Addressing regional inequalities in innovation opportunities for ethnically diverse and disabled entrepreneurs

Helen Lawton Smith and Dina Mansour

This study sheds light on the importance of geography in understanding the support available in the UK for disabled and ethnically diverse entrepreneurs through formal networks which provide specialised support. These organisations play crucial roles as intermediaries by directly supporting actual and potential entrepreneurs work within other organisations, by lowering entry barriers for new entrepreneurial projects, and as representatives acting as advocates for better policy interventions.

The study mapped the current fragmented and siloed regional provision by public and private organisations which provide targeted support for UK ethnically diverse and/or disabled people. It then used primary data from a series of interviews with networks, entrepreneurs, universities and policy-makers to pinpoint economic, social and policy implications.

The mapping exercise identified a total of 59 specialised networks.

  • Outside London there are 35 groups of which 20 were BAME specific and 15 disability-specific (three cover both groups).  The highest concentration of BAME networks is in the West Midlands with five networks. There was no similar geographical concentrations of networks supporting disabled entrepreneurs.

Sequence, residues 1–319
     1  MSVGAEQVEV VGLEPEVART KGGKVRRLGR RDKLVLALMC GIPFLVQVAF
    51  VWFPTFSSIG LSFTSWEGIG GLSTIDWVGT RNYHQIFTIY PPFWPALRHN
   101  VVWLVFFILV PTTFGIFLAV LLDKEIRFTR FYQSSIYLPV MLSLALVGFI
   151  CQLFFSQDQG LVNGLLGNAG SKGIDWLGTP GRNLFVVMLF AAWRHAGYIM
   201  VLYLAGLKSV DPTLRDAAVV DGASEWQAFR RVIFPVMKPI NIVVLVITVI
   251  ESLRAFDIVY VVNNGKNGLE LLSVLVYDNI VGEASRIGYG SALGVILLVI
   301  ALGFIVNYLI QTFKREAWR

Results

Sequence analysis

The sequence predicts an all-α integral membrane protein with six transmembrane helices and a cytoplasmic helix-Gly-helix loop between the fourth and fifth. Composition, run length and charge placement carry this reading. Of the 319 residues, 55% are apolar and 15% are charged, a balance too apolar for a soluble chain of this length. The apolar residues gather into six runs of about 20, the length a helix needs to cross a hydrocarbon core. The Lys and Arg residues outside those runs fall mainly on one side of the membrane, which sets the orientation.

• In London, a further 24 organisations were identified.  Of these 19 support BAME entrepreneurs and 5 support disabled entrepreneurs. There are others which offer general business services for both groups but are not counted here. Only a small number of the networks specifically support ethnic minority women-led entrepreneurs.
  • There are also 12+ national networks which support one or other group. Examples include Black Training and Enterprise Group (BTEG),  the Royal National Institute for the Blind working in partnership with the British Business Bank.

 This report highlights how:

  • Regional contexts have a major impact on the ability of local networks to deliver support for disabled and ethnically diverse entrepreneurs. This results from differences in the make-up and interests of the population in the region, the networks’ differing reasons for coming into being, how they then communicate with other organisations, and the extent to which other organisations identify common interests.
  • The UK’s national equality, diversity and inclusion agenda for entrepreneurship and innovation is gathering pace and there are good examples of intervention. Other countries, notably Canada and Belgium, offer best practice examples from which the UK can learn.
  • Public policy design and specifically initiatives and their associated procedures and paperwork, need to actively involve disabled and ethnically diverse entrepreneurs, as well as the networks which support them, so as to be sensitive to regional and other differences in how programmes can be accessed and delivered and so as to avoid being irrelevant or difficult to access.

The authors thank the Regional Studies Association for funding this research.

The report is downloadable here:

See also: